2014 has been a brutal year. The death toll of Syria's ongoing civil war likely eclipsed 200,000, while the hideous rise of the Islamic State spurred a U.S.-led bombing campaign. A separatist insurgency in eastern Ukraine led to thousands of deaths and clouded relations between the West and Moscow, which is believed to be aiding the rebels. And an Israeli offensive against Hamas militants saw whole stretches of the Gaza Strip reduced to rubble.
Sadly, there was plenty of other mayhem and violence that didn't make newspaper frontpages as often. Here are seven awful conflicts that merited more attention.
Libya was supposed to be a success story. In 2011, the U.S. famously "led from behind," as NATO air strikes helped a rebel alliance topple the long-ruling regime of dictator Moammar Gaddafi. But what followed has been a mess.
In 2014, Libya's fragile democratic transition unraveled into open civil war between a hodgepodge of Islamist militias and tribal factions. It has drawn in rogue generals and foreign governments, and led to an absurd situation of two parallel governments claiming authority over the war-ravaged nation. Militants are battling over strategic oil towns. Just this weekend, Libyan jets pounded militant positions in the city of Misrata, once famed for its brave resistance to the Gaddafi regime.
Another country that saw the departure of long-ruling autocrat in the wake of the 2011 Arab Spring uprisings, Yemen is in the grips of a disastrous civil war. A rebellion led by the Houthis, a political movement that draws key support from a prominent Shiite sect, has swept away the central government and opened what some warn may turn into a dangerous sectarian conflict between Shiites and Sunni militias, including units loyal to al-Qaeda.
In India's restive northeast, many ethnic and tribal insurgencies persist. Contests over land and resources have seen frequent clashes between an array of groups, including the indigenous Bodo tribe and Muslim settlers in the state of Assam, whom some claim are illegal immigrants from Bangladesh. The chaos over the years has led to tens of thousands fleeing their homes. Last week, an extremist faction of Bodo fighters massacred at least 72 people from another tribal community, prompting New Delhi to launch an extensive counter-terrorism operation.
In the fledgling nation of South Sudan, some 10,000 people were killed and more than 1.5 million displaced amid battles between government forces and rebel groups since December 2013. It's a depressing state of affairs for a country whose birth in 2011 was midwifed by Washington.
To the north in Sudan, the conflict-wracked Darfur region saw further violence, and half a million displaced this year alone. Yet Sudanese President Omar Hassan al-Bashir, who is wanted by the International Criminal Court on charges of war crimes, told The Washington Post earlier this month that the situation is calm and that U.N. peacekeepers should leave.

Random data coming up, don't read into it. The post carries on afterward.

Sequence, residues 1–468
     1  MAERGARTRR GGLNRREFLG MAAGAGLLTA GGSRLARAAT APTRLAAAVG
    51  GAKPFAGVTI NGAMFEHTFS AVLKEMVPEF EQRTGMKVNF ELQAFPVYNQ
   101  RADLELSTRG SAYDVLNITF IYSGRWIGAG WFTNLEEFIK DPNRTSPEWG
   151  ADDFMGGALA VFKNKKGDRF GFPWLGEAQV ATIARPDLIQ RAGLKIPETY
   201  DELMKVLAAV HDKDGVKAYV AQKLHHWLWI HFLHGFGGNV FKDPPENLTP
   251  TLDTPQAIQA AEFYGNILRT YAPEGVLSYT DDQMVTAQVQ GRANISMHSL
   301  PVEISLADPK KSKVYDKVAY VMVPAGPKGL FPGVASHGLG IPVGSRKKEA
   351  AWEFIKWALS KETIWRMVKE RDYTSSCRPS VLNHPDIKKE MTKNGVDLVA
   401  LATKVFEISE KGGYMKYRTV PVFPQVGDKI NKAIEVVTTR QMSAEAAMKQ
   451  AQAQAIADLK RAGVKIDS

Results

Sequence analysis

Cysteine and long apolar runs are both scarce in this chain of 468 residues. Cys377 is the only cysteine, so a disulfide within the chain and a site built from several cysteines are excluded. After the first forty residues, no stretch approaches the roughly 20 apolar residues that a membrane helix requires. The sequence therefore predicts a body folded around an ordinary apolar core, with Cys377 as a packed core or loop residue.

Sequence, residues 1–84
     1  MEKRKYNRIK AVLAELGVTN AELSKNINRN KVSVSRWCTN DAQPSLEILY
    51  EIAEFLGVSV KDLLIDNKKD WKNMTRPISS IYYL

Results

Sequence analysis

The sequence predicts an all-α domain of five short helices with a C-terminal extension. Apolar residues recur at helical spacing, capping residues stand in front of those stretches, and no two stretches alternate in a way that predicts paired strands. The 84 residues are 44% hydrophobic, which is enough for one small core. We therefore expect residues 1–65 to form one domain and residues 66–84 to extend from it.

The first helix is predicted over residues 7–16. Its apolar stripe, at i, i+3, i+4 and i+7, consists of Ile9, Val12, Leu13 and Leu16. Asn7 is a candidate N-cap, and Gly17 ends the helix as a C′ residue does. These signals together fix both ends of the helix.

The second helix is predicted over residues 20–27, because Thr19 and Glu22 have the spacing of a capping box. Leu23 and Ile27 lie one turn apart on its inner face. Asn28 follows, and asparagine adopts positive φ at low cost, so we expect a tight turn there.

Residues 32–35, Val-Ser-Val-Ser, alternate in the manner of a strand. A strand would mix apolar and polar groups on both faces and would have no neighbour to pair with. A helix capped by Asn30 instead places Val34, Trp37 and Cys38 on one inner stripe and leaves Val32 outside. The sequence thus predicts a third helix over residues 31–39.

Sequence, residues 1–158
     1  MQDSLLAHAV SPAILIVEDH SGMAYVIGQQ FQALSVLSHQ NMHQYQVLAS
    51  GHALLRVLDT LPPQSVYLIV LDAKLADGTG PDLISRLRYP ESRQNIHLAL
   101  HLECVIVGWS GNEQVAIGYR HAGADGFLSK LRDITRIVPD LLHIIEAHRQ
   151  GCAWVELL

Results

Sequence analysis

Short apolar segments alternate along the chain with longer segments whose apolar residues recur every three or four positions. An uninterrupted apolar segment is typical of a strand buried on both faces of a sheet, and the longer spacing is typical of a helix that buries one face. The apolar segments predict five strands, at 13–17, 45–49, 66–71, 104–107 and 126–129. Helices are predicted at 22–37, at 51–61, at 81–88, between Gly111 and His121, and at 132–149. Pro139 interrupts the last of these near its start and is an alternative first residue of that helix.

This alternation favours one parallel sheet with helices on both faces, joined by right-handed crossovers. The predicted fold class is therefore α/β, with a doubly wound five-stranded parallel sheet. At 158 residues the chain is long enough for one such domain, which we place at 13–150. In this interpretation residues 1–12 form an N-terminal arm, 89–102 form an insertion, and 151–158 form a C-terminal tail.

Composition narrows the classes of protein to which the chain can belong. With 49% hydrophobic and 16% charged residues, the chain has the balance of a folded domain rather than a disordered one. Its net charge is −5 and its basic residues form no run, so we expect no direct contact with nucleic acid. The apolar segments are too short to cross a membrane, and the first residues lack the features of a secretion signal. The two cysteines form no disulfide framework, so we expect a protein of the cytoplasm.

There were hashtags and outrage, but little respite for Nigerians living in the shadow of Boko Haram. The Islamist extremist group, which has links to al-Qaeda, continued its campaign of terror, carrying out bombings, massacres and kidnappings. Despite an intense Nigerian government counterinsurgency in the northeast of the country, Boko Haram has grown more brazen, launching raids into neighboring countries. It has abducted hundreds of people, including many women and children. The fate of the missing Chibok schoolgirls, whose plight won worldwide attention, remains very much unclear.
Earlier this month, Pakistan experienced its worst single terror attack: a hideous Taliban assault on a school in the city of Peshawar. Many of the dozens of young students slaughtered were children of military personnel; the Taliban justified the massacre as revenge for Pakistan's campaign against certain militant groups operating in Pakistan's remote tribal regions along the border with Afghanistan. Dubbed Operation Zarb-e-Azb -- a reference to the sword of the Prophet Mohammad -- the offensive has involved air strikes and some 30,000 troops on the ground. By mid-summer, nearly a million civilians had been displaced by the conflict.
In the aftermath of the Peshawar massacre, Pakistan has intensified its strikes on the Pakistani Taliban. But critics still wonder when the Pakistani state will confront a larger history of incubating extremist Islamist groups.
Al-Shabaab, an Islamist group that's also connected to al-Qaeda, had appeared in retreat in recent years, pushed back by U.S. counter-terror operations as well as an African Union peacekeeping operation in Somalia, the semi-lawless country where the extremists are based. But its attacks have not stopped. In 2014, suspected al-Shabaab fighters carried out a series of terror strikes in neighboring Kenya, including the slaughter of non-Muslims on a bus in November and at a quarry site a few weeks later. The violence has led to heavy-handed reprisals by the Kenyan government and fears that religious and ethnic tensions may deepen in the East African nation.